HOUSTON – It’s all about oil in Houston right now. The drop in oil prices this time last year continues to send ripples throughout Houston’s economy.
At the University of Houston’s Institute for Regional Forecasting Fall Symposium on Thursday economist Bill Gilmer gave an outlook difficult for optimists to swallow, noting Houston is in a serious downturn (not recession) and the hope for a quick recovery is fading. If Houston has another year of weak job growth, which Gilmer warns is possible, the downturn has more time to spread beyond the oil & gas sector.
Thus far in 2015 Houston has added 14,700 jobs, says the Texas Workforce Commission, and the lion share of losses resulted from energy and manufacturing sectors. But health care, retailers and hotels are doing just fine. The last two years of population growth left Houston with tremendous amounts of built up momentum in the economy, says Gilmer. Some disagree with a gloomy outlook for those sectors driven by population growth – particularly the Houston retail market which is just beginning to develop retail to provide services to Houston’s growing population.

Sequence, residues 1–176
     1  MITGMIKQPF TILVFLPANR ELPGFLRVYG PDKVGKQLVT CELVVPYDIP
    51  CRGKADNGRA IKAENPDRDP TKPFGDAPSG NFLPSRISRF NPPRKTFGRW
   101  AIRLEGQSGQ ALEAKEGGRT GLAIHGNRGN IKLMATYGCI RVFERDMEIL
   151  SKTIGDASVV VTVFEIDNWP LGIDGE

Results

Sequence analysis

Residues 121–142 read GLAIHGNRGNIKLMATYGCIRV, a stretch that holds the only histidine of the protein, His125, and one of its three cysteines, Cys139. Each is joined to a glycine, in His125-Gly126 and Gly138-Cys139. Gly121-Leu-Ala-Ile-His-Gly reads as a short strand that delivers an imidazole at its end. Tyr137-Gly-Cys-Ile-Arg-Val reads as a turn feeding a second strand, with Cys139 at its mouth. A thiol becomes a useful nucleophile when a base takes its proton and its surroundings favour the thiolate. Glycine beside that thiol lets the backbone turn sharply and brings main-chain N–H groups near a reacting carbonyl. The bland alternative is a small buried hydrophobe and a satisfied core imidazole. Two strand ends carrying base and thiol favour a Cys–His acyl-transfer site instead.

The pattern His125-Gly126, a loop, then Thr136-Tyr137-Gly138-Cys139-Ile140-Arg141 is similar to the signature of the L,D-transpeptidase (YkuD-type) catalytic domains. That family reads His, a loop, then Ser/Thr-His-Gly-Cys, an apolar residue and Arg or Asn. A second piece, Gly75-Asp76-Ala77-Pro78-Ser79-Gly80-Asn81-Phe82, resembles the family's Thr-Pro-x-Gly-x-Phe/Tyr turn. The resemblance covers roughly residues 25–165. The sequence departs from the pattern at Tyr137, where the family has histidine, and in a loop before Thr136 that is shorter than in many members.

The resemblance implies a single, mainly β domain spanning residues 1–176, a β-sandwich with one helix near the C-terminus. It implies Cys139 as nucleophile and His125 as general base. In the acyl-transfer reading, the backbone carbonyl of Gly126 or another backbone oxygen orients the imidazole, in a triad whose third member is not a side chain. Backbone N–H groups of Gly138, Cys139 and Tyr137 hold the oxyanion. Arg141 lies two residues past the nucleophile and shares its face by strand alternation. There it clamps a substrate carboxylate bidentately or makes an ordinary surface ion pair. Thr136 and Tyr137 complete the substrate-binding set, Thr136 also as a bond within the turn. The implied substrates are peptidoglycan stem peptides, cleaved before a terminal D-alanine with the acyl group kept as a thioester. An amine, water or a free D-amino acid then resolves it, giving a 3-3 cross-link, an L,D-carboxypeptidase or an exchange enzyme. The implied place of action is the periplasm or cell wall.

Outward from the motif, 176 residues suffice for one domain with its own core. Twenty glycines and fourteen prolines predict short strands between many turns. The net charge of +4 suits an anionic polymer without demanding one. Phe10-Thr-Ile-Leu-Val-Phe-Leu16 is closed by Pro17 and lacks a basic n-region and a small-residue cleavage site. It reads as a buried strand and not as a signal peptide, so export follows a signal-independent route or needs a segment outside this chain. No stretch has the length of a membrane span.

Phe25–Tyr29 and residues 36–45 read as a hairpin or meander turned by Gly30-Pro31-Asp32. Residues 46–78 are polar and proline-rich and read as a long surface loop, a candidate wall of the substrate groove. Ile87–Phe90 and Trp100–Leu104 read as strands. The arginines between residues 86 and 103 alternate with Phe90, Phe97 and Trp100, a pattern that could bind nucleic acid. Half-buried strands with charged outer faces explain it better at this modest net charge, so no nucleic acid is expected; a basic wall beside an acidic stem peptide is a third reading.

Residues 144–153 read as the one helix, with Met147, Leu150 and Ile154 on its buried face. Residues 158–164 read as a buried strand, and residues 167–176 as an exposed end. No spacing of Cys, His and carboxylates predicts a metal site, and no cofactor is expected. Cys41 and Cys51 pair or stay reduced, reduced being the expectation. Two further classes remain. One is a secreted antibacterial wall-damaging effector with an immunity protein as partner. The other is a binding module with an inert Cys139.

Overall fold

Gilmer’s predictions for next year? Slow job growth again, about 27,000 but a nice recovery to look forward to rebounding to 90,000 jobs in 2017.